On the other hand some of the designers I do like already are making moves towards being more ethical.Vivienne Westwood designed a t-shirt for people tree which I loved (and am wearing in this post). Dame Viv has also just launched a new collection of bags made in Africa – more on that in a later post, one of which I want to buy. But I hold my hands up in all honesty and tell you I want these things because I like them and am not buying them just because they are ethically made – although I am extreamly happy about the fact they are. Also as many of you have pointed out in your comments these shops are very expensive and are limited in size ranges.
What you said:
I’d recommend People Tree if people are looking for decent, stylish, ethically produced stuff. They’re normally a bit out of my price range but the sale prices are really quite reasonable and they sometimes do mystery bags where it’s 5 items for ┬ú30 – bargain! I’ve got a few gorgeous things that way. Alex
in our consumer driven society it is very easy to trick yourself into believing that you absolutely have to have a new dress to go out in or a completely new outfit for an interview, I know I do it often enough. But in most cases this isn’t true, we have wardrobes with perfectly decent outfits but the shops, magazines and even our peers make us believe we need a new outfit for every minor occasion and should never be seen in the same dress more than a handful of times (at the most). Jolly Good
The tighter my budget I swear the better my outfits become, because I have to think about it and go outside of my comfort zone. Little Miss C
I don’t agree with the elitism of eco-conscious shopping either, and I don’t think that people with less money should be criticised for wanting to purchase things; wealthier people are lucky that they have the option, but they are no less ‘materialistic’. Mrs Bossa
The only thing we ‘need’ to do is clothe our body so we don’t stroll around naked, or in discomfort due to the temperature. It seems that we are now a society of rights – we believe we deserve new clothes and a constantly changing wardrobe. Roz
I think that it’s important to pressure retailers to clean up their practices, rather than blame the consumers.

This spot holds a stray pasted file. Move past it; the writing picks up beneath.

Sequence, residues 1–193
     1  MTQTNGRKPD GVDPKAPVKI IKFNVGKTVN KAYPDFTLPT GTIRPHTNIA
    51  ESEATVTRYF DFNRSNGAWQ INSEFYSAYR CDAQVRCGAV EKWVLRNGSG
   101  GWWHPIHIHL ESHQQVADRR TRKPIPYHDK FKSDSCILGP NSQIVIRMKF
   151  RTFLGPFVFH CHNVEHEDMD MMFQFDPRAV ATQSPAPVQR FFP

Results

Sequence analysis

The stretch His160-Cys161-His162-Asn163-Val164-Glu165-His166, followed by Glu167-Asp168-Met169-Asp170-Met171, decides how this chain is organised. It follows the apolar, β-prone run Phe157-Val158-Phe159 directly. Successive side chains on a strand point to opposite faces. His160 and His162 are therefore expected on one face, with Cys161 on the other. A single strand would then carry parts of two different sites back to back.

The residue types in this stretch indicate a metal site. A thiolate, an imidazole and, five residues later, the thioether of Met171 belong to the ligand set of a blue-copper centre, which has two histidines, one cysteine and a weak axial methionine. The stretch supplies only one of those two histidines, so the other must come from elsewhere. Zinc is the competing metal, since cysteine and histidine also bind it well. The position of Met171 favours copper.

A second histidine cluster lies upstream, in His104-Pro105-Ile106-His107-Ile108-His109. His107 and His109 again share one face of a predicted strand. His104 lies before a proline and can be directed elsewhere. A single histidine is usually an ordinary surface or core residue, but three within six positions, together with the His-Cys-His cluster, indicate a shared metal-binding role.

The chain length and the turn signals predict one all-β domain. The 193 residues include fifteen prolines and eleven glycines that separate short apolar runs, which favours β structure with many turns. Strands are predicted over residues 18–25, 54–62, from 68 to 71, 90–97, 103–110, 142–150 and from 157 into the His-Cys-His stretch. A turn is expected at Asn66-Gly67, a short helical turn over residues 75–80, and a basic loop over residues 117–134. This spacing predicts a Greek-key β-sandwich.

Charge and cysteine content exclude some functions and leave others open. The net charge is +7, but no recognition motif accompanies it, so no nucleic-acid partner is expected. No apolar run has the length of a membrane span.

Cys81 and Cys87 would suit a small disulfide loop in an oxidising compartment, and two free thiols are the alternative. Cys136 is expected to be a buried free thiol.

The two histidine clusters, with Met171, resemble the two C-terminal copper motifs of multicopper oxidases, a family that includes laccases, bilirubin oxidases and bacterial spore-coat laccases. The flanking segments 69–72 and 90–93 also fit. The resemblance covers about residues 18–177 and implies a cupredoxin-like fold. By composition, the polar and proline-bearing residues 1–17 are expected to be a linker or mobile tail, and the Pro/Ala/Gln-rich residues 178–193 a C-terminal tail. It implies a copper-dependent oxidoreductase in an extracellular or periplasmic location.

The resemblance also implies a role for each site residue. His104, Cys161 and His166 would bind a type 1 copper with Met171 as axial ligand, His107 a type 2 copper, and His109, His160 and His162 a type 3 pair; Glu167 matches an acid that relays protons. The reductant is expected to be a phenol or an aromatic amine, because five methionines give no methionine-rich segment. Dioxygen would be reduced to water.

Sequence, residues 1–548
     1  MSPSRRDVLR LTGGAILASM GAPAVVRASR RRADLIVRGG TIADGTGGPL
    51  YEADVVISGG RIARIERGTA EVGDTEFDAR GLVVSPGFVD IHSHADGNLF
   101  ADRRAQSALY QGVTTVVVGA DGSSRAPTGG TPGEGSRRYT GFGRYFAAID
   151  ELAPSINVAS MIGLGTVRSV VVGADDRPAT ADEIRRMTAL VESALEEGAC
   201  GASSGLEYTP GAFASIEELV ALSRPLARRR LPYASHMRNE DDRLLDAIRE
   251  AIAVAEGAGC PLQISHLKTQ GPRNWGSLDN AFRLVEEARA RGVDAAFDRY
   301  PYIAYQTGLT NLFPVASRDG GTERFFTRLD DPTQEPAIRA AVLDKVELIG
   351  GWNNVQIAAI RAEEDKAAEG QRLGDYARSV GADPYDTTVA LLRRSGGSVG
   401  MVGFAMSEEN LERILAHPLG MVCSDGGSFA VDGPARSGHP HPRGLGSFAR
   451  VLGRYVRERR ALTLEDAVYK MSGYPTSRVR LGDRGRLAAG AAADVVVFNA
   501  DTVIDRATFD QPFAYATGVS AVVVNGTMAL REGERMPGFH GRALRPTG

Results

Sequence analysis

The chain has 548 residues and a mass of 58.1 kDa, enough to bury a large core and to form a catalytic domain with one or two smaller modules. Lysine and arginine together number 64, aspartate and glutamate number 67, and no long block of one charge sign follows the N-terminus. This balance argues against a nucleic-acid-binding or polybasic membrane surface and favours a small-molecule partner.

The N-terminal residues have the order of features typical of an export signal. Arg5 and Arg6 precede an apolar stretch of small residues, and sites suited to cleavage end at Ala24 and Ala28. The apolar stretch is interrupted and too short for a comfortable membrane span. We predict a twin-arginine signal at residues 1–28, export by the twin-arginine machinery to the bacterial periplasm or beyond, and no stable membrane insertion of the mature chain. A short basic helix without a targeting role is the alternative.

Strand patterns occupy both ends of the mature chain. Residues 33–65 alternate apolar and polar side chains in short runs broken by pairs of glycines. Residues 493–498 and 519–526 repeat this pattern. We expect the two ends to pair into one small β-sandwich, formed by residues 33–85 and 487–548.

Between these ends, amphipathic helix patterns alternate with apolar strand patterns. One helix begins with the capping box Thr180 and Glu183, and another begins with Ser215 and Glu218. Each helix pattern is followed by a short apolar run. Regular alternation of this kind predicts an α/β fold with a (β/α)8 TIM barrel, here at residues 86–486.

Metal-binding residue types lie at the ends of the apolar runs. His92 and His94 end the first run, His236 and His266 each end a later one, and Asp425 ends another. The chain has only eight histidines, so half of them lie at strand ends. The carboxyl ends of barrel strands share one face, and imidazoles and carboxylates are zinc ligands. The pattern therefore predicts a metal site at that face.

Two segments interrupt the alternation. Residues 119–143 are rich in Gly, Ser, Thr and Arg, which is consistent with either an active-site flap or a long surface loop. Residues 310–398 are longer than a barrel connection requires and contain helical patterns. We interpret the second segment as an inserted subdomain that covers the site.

There are so many amazingly insightful comments on the original post, these are mere excerpts, well worth going back to read in full.I also want to recommend the following posts on the issue:
Guardian – Linda Grant Cheap at twice the price (also has a list of ethical shop links)
Rosel – My ethical dilemma with fashion blogging
Emily – Ethical fashion vs fast fashion
Jen – Ethical fashion – does it work for you?
Jill – Prime Mark – I was intending on posting about this issue myself but felt Jill’s post summed it up really well. Jill kindly copied me in on an email regarding the legal battle Primark won after parts of a recent Horizon documentary were found to be falsified. This was enough for me to undermine the entire documentary if they had found actual evidence then they would have used that no matter how ‘undramatic’. I am not saying that totally excuses Primark, but it does clarify some issues. You can read about it yourselves on the Primark Website, which I have to say goes a long way to promote their ethical considerations.
I will be blunt though, what I would like to see is some facts and figures from Primark and all the High St retailers as to how they can afford to sell things so cheaply whilst paying everyone in the chain a fair fee and still make a profit. Actually, how about that, Phillip Green et al, should you have nothing to hide?
UPDATE: Just wanted to add this link on the problems met by ethical fashion label Edun, thanks Wendy B